I really can’t say your wrong because my relative left awhile ago. But one thing I’ll tell you is that it’s definitely worth the time to go and speak to the Menahel. They can also fill up and you can discuss any concerns you have about it changing with him. He is Not one of those Faker types. If you ask him point blank -you’ll get a straight answer. Don’t nix it until you speak to him yourself.May 6, 2012 2:59 am at 2:59 am #872857
As someone who is involved with yeshivos, there is something wrong with this story. If this boy’s whole issue is that he’s “sug bet”, and just not particularly “impressive”, but a good boy, AND he did not try applying to “sug aleph” yeshivos, this does not make sense.May 6, 2012 11:40 pm at 11:40 pm #872858
“Sam – what do you mean by a home yeshiva? Do you mean home schooling?”
I’ll correct it. Yeshiva at Home. Home schooling like you said!
I hope it will get developed eventually, I meant.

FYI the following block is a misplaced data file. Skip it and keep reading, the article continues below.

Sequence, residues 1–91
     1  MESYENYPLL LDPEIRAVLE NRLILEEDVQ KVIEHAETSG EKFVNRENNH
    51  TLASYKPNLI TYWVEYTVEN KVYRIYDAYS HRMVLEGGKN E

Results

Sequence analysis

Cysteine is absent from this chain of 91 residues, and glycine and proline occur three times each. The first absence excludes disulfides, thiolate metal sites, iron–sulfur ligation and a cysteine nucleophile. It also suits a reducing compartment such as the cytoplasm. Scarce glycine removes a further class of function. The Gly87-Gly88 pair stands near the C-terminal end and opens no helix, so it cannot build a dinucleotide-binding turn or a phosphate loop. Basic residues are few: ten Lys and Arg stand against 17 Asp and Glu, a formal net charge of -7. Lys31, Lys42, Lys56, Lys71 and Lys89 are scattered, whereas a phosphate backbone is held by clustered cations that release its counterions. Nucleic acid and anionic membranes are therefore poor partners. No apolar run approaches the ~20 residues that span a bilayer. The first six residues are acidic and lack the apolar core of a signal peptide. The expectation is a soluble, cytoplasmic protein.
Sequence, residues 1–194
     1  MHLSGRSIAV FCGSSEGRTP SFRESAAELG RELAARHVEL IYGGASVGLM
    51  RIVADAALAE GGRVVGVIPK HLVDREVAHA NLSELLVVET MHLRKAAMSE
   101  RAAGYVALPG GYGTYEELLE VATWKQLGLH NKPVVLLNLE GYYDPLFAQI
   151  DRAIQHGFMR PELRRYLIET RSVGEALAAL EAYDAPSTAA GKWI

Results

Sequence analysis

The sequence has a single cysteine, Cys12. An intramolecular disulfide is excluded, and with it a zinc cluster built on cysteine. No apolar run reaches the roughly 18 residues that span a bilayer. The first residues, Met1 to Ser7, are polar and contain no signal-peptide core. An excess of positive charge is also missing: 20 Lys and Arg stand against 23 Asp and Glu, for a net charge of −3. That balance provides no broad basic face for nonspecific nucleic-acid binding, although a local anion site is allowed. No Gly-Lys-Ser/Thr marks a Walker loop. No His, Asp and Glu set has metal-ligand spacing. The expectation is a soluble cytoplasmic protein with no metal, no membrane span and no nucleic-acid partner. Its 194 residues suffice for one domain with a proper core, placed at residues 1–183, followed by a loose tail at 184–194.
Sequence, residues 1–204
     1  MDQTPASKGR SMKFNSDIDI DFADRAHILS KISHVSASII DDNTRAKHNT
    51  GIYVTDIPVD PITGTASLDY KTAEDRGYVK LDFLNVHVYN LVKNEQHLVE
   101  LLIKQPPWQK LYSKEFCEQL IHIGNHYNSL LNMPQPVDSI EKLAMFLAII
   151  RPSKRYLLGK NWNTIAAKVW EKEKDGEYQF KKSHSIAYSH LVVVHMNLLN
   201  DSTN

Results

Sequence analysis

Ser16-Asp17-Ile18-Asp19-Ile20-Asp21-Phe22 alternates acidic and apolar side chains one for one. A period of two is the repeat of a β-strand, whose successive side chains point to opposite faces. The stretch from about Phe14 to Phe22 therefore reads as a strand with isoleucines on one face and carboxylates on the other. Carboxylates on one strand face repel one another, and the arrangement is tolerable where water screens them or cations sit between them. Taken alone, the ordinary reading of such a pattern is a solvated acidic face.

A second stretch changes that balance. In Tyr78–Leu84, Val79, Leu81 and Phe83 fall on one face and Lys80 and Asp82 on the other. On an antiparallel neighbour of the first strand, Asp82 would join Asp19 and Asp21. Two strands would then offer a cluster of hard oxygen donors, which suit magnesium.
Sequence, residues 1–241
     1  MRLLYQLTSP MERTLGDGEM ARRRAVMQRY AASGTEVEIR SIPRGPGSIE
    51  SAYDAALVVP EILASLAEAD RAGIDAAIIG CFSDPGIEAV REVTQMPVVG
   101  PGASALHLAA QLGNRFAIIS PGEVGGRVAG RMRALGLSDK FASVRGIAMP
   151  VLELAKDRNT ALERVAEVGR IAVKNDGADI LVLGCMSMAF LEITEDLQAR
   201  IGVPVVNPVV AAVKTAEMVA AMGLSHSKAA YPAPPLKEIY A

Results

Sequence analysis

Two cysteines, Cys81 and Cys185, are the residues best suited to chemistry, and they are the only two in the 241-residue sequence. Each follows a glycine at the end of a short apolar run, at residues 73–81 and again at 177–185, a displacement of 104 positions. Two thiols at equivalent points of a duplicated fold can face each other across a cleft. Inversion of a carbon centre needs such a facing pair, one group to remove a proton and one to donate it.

H’ashem should help.May 6, 2012 11:54 pm at 11:54 pm #872859
Logician – you are correct that it does not make sens,e but it is so. The boys are not problem kids but when put down and not supported for long periods they become despondent and give up alot. When that happens they get reprimanded for having poor attitudes and not trying harder. Lots of talk AT them, not much listening TO them. So then they are not just weaker, but more fragile or more vulnerable. Once they become more vulnerable you have to be VERY careful who is interacting with them on a daily basis. And if you send your son away, you have to have some kind of trust before it is earned that he will be listened to, even though it couldn’t be accomplished right there in his “local school”. So you are correct that there is more to it, but these are regular, weaker kids who will be fine in a positive, healthy environment, and can fall apart ch”v in a less healthy environment. My child’s lack of choices are more about our lack of comfort/trust in the choice of mosdos, and having few options for weak learners with strong hoshkofos.May 7, 2012 1:02 am at 1:02 am #872860RABBAIMParticipant